Over the weekend I was at a training class and I overheard a couple of the other guys talking about what Christians always talk about when they get together: “Where do you go to church”. The one guy mentioned the name of his church, a large evangelical church in our area. He said they had been there for almost four years and then he said something else. He said he and his wife still meet, outside of the church, people that they “go to church with” and never realized they went there. Imagine being in the same church body for years and having a sizeable population of people you hadn’t even met, much less gotten to know!
That is hardly a unique story. We were “members” of a largish Southern Baptist Church in Kentucky (they still send me the member bulletins and have tracked us down after a bunch of moves and in spite of me gently letting them know we were not likely to ever set foot in that church again). We sat in the same basic place every Sunday. So did many other families. We sort of knew the people who sat around us and some of the people in our Sunday school class. The people on the other side of the “sanctuary” (we sat to the right of the pulpit)? Didn’t know except maybe by sight. In fact I was talking to one of my clients in a business meeting and found out that he and his family were also members there. We never crossed paths and believe me we were there every Sunday.
I wonder how many Christians spend time every week with people who identify with the same local congregation but don’t know them at all. I don’t mean don’t know their names or know them by sight, although there is lots of that, but I mean don’t really know them at all. We always used to be identified as “the people who used to be mormons” and “the family with 5 (then 6, then 7) kids”. Many people could have probably picked us out of a police line-up because they had our kids in Sunday school or children’s church. Perhaps they had seen us a time or two in our Sunday best. They didn’t know us and we didn’t know them. Worse, no one seemed to think it was a problem.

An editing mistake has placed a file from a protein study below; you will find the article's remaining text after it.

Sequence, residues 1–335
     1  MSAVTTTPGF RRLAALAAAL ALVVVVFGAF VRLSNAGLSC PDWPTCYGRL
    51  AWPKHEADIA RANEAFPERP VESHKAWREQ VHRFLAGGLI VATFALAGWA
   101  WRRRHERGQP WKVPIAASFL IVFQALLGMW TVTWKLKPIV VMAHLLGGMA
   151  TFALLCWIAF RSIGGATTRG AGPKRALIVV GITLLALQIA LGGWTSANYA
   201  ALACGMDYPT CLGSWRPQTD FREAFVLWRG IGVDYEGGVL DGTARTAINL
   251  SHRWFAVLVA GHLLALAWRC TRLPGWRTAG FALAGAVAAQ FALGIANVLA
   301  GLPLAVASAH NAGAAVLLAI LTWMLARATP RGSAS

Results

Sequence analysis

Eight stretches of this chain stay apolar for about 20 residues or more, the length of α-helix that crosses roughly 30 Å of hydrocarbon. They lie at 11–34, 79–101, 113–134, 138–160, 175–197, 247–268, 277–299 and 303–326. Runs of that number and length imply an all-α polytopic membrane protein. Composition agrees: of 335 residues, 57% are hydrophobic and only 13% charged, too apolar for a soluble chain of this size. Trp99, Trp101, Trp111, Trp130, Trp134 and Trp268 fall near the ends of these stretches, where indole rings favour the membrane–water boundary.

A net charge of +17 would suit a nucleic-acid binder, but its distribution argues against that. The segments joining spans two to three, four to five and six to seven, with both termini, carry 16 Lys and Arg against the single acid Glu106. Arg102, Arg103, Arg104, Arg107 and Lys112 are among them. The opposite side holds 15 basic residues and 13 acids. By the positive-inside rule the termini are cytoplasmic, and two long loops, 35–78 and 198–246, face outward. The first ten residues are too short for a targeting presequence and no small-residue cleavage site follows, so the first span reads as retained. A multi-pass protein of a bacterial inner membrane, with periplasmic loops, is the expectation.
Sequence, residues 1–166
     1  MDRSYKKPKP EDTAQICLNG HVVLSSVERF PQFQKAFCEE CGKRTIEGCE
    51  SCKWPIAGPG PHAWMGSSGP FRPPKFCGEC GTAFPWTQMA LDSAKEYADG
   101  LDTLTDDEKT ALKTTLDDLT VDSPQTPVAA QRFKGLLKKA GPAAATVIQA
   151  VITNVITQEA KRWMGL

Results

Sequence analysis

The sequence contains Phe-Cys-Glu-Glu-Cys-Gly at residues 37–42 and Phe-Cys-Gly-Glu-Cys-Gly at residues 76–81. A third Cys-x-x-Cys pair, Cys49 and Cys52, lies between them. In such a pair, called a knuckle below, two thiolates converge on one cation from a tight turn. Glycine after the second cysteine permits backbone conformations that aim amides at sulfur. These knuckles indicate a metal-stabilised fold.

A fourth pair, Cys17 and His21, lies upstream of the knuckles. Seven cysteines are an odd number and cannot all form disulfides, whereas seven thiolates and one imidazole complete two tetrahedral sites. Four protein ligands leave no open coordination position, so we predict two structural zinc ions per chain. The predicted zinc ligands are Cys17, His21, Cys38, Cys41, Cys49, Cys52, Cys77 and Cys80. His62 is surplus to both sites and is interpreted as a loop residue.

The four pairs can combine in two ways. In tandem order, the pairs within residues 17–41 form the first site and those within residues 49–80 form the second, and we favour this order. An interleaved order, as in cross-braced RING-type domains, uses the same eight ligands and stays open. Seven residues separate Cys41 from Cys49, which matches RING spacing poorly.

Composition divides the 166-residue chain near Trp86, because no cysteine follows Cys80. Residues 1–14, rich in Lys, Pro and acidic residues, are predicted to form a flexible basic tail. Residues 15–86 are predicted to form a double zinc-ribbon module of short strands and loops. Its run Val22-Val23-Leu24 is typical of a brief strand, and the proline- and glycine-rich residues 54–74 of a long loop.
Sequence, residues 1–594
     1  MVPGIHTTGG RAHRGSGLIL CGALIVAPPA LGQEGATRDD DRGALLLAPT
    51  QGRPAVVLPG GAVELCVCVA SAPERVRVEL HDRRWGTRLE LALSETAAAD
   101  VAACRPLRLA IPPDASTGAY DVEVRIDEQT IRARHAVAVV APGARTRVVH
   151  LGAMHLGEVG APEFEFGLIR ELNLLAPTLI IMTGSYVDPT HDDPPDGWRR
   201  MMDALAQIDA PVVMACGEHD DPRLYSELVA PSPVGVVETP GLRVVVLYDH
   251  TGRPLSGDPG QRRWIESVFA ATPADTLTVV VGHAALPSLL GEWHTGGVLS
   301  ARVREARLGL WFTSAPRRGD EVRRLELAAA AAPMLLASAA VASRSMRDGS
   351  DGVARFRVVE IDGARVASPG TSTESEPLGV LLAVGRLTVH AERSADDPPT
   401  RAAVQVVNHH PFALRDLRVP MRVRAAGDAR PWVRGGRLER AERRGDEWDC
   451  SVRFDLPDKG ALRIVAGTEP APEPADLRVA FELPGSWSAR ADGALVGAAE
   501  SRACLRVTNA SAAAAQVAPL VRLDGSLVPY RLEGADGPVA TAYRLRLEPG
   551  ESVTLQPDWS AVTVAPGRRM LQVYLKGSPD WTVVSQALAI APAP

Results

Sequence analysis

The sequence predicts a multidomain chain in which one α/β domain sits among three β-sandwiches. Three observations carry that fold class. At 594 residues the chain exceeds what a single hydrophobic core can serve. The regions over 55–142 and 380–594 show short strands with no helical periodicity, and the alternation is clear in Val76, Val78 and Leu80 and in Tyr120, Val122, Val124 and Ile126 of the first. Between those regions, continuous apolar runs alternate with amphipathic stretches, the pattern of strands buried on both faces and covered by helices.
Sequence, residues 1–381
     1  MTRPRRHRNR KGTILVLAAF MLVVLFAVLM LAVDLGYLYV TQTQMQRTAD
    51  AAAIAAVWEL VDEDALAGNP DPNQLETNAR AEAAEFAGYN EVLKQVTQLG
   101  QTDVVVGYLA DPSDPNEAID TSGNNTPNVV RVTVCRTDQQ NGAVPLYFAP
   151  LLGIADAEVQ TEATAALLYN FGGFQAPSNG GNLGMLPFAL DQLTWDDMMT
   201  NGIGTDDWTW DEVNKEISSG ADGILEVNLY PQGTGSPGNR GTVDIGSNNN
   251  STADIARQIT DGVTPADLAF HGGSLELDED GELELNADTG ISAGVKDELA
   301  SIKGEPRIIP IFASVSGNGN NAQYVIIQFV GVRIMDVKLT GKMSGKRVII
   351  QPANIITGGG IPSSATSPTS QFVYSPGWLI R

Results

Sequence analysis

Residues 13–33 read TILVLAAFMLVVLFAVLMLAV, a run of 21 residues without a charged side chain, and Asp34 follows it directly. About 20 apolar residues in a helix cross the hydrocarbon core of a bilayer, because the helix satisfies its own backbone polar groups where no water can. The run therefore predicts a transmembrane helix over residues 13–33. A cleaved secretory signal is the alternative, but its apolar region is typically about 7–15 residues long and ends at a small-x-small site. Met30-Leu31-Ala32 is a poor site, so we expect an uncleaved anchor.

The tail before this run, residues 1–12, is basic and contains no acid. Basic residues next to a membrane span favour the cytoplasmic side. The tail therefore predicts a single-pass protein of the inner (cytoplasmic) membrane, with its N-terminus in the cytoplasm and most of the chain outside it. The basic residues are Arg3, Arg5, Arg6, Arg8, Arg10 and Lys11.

I know that at its core, this is an issue with us. We were not making the effort to meet others. We were content to show up and “worship” and then make a mad dash for the parking lot to beat the post-worship service rush (we never beat it because we had to round up our kids). The problem was that we never saw the disconnect and apparently nobody else did either.
It would seem to be obvious that if you don’t know the people you go to church with, you by definition cannot truly be in fellowship with them. I am not in fellowship with strangers in an elevator nor am I in fellowship with strangers in a “sanctuary”. Little wonder people are leaving churches in droves. They are told that going to church is how they fellowship with others and they walk away each Sunday thinking “That was it? That is all there is to the Christian life?”. Yet another reason that I think that in the long term, the collapse of Christendom and the cultural religion of America will be an enormously positive change in the church.